Once invasive carp are in a waterway, it is almost impossible to eradicate them. State officials would rather spend their resources on preventing carp from further spreading than on managing the populations that have already been established.
“There is no track record of getting rid of an invasive species. Once it comes in, you end up managing the invasive species, and that becomes another added expense,” says Dexter. “So, the best thing to do is to be proactive, and to keep them out first.”
Government agencies have built electric barriers
In 2013, the U.S. Army Corps of Engineers built permanent electric barriers in the Chicago Area Waterway System to keep carp at bay. The charged barrier, which sits about 30 miles southwest of Chicago, produces 2.3 volts of electricity per square inch. The jolt isn’t enough to kill carp, but it does temporarily paralyze them, so they drift back downstream.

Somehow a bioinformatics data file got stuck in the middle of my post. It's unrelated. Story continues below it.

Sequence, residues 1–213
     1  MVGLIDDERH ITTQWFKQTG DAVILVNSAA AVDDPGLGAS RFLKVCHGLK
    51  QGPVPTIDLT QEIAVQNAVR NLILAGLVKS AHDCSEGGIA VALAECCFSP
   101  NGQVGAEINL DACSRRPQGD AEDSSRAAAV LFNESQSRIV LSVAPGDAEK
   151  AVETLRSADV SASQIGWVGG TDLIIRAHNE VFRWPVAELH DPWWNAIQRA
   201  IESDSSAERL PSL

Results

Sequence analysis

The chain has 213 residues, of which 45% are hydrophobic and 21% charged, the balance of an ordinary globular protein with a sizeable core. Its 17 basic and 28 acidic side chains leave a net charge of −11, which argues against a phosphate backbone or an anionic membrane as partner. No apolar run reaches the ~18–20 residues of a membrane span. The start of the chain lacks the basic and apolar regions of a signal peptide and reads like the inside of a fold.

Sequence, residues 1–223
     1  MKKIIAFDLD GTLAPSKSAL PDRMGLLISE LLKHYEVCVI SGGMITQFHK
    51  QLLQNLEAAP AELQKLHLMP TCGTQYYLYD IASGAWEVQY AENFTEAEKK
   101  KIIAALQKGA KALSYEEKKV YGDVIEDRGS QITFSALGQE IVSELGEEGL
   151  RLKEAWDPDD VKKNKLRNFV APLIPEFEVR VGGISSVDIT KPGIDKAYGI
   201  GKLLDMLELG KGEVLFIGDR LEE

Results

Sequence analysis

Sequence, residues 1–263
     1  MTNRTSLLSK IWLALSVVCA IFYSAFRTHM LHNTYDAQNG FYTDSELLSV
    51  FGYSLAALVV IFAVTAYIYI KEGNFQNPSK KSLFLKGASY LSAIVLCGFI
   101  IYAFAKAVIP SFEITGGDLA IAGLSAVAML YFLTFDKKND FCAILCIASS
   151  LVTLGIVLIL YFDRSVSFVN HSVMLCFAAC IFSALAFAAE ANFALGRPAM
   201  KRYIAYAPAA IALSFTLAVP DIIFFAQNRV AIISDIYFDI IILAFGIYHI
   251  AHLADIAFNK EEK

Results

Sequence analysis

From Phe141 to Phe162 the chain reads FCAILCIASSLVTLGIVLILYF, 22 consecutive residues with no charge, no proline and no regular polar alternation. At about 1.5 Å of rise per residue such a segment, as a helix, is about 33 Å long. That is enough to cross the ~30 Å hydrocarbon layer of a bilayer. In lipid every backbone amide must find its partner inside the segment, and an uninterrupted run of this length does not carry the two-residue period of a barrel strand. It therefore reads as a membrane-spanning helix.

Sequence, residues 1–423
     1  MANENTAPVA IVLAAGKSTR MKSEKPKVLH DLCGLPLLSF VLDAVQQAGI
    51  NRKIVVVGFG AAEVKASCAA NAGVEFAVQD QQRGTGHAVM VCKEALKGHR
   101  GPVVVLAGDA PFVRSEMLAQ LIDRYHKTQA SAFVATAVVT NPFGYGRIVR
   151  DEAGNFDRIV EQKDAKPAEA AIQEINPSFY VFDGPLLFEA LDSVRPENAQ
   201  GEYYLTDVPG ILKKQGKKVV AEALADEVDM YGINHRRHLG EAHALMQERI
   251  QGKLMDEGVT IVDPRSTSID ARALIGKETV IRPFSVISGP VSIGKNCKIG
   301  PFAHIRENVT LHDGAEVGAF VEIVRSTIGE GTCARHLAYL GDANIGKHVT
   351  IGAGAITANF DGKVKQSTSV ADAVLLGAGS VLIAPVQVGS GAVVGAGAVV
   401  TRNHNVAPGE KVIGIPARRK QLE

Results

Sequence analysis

The barriers work well, according to Herbst, but smaller carp can sometimes sneak through them when the electric current is blocked by shipping barges.
“Sometimes there’s gaps in between those barges that kind of create a refuge for those small fish,” says Herbst. “They’ll actually be able to go past or go through that electric barrier and get pushed upstream.”
The electric barriers have not been completely reliable for other reasons. “There are times when the barriers are not going to be operating at full efficiency,” says Christa Woodley, a senior research biologist for the U.S. Army Corps of Engineers. “That mainly has to do with the fact that you are dealing with something that’s reliant on physics.”
Woodley says changing water levels and salt concentrations bring challenges. When spring snow melts into the water, the salt sprinkled to treat the roads alters the water chemistry. The dissolved salt ions increase the conductivity of the water, declining the flow of electricity. So some fish feel the zap of the barrier less, and others may not be impacted by the barrier at all and pass freely. Ultimately, this makes electric barriers slightly unreliable.